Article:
• Educated
  • Confident
  • Aware
  • Realistic
  • Hopeful
  • Adaptable
  • Flexible
  • Empathic
  • Focused
  • Tenacious

You can see that what we are aiming to do for parents is to replace negative states of mind with positive ones and helplessness with empowerment. What we also want to do is help parents to be realistic about what they can achieve and how they can achieve it. We know that coping and healing in alienation situations is not an easy task and sometimes it simply cannot be done by changing only one person’s behaviour. This is very different to the usual approach to therapy work which is very much focused upon changing only the behaviour of the person in therapy. Sometimes we also know that we must find ways to impose change on the other parent in order to liberate the child, this imposition is again a very different approach to therapy.

Some parents are resistant to reconnecting with their parenthood, this is understandable. Some parents find the work on relocating their sense of being a parent in individual work very frustrating, the feeling being that their child is the person who needs the help and focusing on personal feelings and experiences is simply a waste of time. But helping parents to reconnect to the parent that they are is a vital stage in helping families because the action of alienation is to sever the active experience of being a parent, rendering the connection between the child and that parent meaningless in the mind of the child and in the mind of the parent. Many parents speak of being embarrassed to go into school or ashamed that their child has rejected them. This shaming is part of the alienator’s approach to stripping you of the role of parent, if the shaming disconnects you from your own sense of entitlement to care, it has succeeded in silencing the parent within you. From there it is but a short hop to replacing you or waving you away and dismissing your importance. When a child experiences the diminishment of your parenthood in the aligned parent’s eyes AND yours, disconnection from the relationship with you is almost complete.

Therefore, in order to resist this dismissal of you it is important to avoid accepting it by allowing yourself to be edged out of the things that keep you being a parent. If you have been edged out then you have to find ways to stride back in. At school for example, where a child will spend much time, it is important that you are present and that your child knows that you are present. Attending parent’s evenings, school plays and activities are all important ways of ensuring that you are visibly your child’s parent. If your child and the aligned parent object, do not be put off from continuing your attendance and if the school becomes drawn in by the aligned parent, do not let this stop you either. Schools are a very good way of demonstrating your existence to your child and for showing your continued love and interest, but they can be tricky places to navigate too, especially if the staff are not alienation aware and are not understanding of the reality of what has happened in your family. Making sure that staff are aware of your side of the story (without bombarding them with information or being too demanding) is an important step to reconnecting and staying reconnected to your parenting.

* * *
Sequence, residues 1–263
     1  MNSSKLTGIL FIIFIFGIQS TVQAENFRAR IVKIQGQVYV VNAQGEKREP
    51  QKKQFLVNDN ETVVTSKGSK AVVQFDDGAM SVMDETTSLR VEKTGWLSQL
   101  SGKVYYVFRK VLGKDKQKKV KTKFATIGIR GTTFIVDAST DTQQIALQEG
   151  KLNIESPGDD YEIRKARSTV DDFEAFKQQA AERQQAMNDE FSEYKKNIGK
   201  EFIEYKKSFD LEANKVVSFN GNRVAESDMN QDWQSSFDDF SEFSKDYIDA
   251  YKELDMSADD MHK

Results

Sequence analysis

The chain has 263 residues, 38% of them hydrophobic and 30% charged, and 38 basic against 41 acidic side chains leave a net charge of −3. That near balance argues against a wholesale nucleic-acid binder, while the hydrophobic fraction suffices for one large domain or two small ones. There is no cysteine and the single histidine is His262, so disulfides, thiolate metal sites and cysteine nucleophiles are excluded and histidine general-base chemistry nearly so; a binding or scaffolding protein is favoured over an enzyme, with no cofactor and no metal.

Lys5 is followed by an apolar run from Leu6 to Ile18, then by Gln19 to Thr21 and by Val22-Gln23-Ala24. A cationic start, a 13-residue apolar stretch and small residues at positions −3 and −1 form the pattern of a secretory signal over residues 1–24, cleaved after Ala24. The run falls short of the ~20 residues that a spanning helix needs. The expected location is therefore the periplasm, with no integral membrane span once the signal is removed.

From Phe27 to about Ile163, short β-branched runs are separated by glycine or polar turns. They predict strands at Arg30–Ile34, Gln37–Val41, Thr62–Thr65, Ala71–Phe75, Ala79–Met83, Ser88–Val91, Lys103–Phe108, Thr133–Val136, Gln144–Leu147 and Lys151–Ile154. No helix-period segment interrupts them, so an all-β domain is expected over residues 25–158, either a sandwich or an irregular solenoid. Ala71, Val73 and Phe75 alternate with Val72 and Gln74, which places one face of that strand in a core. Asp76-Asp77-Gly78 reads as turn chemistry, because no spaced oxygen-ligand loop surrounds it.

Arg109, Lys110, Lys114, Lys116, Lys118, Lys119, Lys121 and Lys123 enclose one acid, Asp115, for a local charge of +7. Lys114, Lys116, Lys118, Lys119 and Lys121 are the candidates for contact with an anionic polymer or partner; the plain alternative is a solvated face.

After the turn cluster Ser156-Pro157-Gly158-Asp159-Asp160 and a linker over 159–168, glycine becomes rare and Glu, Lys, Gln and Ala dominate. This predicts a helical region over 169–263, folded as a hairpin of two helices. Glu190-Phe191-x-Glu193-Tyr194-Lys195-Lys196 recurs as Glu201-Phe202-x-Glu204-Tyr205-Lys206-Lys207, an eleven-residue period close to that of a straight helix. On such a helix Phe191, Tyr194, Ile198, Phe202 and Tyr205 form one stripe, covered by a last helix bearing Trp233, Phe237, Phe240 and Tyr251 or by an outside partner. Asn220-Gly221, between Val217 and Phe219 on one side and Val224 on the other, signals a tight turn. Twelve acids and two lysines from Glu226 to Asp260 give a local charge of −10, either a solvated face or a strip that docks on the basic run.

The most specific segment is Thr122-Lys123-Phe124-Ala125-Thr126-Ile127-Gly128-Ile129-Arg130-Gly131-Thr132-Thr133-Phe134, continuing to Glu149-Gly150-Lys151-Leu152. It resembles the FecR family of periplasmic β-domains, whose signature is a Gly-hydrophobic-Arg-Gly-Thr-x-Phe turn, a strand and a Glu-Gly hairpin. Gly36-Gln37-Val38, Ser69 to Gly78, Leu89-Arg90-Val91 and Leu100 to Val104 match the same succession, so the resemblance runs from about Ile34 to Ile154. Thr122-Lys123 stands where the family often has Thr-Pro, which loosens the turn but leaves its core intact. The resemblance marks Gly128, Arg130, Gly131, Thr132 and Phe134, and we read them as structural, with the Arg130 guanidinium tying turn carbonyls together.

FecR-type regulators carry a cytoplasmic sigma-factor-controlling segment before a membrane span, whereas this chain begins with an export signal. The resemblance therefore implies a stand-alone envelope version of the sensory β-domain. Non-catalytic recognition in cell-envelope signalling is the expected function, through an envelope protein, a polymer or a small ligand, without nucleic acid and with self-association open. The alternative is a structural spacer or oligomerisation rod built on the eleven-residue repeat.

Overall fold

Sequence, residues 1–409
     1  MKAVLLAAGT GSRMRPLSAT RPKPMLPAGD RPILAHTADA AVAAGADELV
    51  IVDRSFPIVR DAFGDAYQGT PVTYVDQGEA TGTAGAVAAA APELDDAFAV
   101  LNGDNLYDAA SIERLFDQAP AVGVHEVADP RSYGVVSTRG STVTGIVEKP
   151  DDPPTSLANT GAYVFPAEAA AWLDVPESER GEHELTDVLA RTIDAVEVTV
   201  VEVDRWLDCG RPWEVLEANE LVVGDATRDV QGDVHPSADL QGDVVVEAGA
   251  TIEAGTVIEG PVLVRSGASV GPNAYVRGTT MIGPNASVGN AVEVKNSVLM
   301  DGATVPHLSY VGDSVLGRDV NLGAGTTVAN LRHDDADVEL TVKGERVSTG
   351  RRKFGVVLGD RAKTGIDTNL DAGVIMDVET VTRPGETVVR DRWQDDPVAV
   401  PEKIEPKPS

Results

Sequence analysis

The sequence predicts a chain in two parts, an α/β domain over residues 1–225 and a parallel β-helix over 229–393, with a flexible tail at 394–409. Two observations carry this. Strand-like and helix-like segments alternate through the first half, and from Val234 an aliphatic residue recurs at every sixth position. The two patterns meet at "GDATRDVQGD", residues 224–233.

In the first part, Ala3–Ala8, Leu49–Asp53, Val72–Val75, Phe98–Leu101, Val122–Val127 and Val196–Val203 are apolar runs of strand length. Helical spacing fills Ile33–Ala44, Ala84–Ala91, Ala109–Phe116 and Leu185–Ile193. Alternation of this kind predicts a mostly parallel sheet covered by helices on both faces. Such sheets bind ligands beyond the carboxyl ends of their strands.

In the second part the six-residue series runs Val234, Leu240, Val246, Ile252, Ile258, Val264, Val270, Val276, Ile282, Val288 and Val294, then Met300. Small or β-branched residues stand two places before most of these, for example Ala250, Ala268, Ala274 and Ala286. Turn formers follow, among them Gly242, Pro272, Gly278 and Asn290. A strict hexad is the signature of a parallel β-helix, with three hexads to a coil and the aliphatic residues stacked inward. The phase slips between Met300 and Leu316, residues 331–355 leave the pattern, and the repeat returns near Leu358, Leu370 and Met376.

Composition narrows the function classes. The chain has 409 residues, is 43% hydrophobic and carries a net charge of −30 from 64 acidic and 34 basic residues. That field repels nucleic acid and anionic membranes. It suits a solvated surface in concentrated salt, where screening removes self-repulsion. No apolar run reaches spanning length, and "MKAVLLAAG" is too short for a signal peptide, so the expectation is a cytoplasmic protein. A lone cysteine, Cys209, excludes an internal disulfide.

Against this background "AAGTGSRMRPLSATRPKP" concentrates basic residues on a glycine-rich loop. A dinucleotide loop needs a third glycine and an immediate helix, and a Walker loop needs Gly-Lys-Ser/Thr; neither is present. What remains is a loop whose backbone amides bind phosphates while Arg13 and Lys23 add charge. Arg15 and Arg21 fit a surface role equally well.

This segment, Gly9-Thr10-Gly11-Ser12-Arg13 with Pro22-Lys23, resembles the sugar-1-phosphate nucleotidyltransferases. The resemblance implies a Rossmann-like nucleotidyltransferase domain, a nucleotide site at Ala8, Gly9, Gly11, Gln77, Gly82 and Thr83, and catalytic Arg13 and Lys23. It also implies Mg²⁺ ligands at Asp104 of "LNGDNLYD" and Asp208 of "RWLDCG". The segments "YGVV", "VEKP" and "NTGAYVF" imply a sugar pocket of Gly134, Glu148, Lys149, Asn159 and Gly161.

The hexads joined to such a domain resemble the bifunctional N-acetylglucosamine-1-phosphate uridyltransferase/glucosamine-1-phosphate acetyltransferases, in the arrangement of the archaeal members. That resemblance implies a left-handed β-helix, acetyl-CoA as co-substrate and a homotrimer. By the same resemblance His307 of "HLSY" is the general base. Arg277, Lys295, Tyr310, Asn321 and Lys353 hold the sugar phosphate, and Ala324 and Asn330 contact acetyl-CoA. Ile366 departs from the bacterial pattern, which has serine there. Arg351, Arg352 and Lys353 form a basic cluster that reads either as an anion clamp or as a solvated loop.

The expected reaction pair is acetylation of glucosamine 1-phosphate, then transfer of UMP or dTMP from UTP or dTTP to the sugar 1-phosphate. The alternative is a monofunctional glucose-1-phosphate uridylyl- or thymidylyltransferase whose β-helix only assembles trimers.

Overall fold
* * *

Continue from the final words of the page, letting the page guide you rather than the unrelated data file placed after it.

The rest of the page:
Helping Schools to understand alienation and the unique position they are in the assist children who have rejected a parent is one of the tasks we undertake at the Clinic. The following information can be supplied to school along with a letter from you about the situation. Keep your letter brief and to the point. Show willingness to understand your child’s position but ask the school to ensure that you are not excluded from the school because of the risk of colluding with the alienation. If you would like a copy of the following information to send to your child’s school, you can download it from the Family Separation Clinic’s website which is at or coming soon from our new self help website – watch this space for details.

To learn more about our work at the Family Separation Clinic or to book a consultation, coaching package or to speak to one of the parents we have helped before embarking on work with us, please email us